Summary ......................................................................................................5-11



CHAPTER 6, SWEETHEART DEALS Introduction..................................................................................................6-1
Pre-1986 Law...............................................................................................6-2
Post-1986 Law .............................................................................................6-3
IRC section 263A.............................................................................6-4
Sweetheart Deals..........................................................................................6-4
Audit Techniques .........................................................................................6-6
Summary ......................................................................................................6-7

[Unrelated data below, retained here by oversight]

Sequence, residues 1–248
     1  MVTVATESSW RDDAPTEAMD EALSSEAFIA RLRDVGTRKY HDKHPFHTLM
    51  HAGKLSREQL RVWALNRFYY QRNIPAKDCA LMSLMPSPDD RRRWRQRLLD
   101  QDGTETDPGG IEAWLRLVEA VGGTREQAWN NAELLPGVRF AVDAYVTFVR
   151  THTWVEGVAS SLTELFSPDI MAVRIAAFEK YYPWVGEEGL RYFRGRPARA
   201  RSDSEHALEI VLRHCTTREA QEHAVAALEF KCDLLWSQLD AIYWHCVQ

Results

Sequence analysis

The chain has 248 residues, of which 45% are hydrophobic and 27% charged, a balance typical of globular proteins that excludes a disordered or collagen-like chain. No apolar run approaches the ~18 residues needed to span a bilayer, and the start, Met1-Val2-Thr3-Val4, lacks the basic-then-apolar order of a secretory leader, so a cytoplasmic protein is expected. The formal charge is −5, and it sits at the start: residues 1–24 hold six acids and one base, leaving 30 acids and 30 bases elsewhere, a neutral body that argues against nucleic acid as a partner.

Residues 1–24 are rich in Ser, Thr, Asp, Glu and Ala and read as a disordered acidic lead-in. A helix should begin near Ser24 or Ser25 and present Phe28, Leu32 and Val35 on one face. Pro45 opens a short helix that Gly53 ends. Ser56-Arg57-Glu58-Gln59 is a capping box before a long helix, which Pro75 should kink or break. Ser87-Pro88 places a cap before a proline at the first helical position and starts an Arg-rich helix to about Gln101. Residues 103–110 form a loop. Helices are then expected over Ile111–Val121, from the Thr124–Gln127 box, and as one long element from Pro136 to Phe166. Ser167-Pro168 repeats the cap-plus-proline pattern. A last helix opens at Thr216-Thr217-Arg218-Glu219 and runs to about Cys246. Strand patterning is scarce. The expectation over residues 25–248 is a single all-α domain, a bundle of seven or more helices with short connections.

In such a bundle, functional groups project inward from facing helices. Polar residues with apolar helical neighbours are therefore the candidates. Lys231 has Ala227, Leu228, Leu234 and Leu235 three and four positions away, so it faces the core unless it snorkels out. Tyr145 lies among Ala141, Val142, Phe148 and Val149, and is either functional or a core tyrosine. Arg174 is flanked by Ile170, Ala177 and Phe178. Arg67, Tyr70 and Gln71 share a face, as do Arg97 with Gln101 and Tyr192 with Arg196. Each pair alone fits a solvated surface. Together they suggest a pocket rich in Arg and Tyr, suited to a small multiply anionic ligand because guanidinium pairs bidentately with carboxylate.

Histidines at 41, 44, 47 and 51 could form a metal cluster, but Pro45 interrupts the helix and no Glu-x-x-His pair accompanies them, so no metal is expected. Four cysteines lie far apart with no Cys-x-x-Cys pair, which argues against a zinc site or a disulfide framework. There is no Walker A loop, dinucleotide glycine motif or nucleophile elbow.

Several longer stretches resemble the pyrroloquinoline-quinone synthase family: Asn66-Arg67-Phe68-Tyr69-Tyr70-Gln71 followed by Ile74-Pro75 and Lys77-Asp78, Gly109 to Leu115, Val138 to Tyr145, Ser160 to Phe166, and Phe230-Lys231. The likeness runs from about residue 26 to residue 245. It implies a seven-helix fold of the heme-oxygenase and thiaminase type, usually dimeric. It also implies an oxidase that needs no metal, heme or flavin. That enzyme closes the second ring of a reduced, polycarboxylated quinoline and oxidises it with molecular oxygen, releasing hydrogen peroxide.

CHAPTER 7, GROWER ISSUES Introduction..................................................................................................7-1
Expenses ......................................................................................................7-1
Insurance ..........................................................................................7-3
Miscellaneous ..................................................................................7-3
Net Check ─ Double Deduction ..................................................................7-6
Financing Arrangements..............................................................................7-8
Audit Techniques .........................................................................................7-9
Summary ......................................................................................................7-10
CHAPTER 8, FARM LABOR Introduction..................................................................................................8-1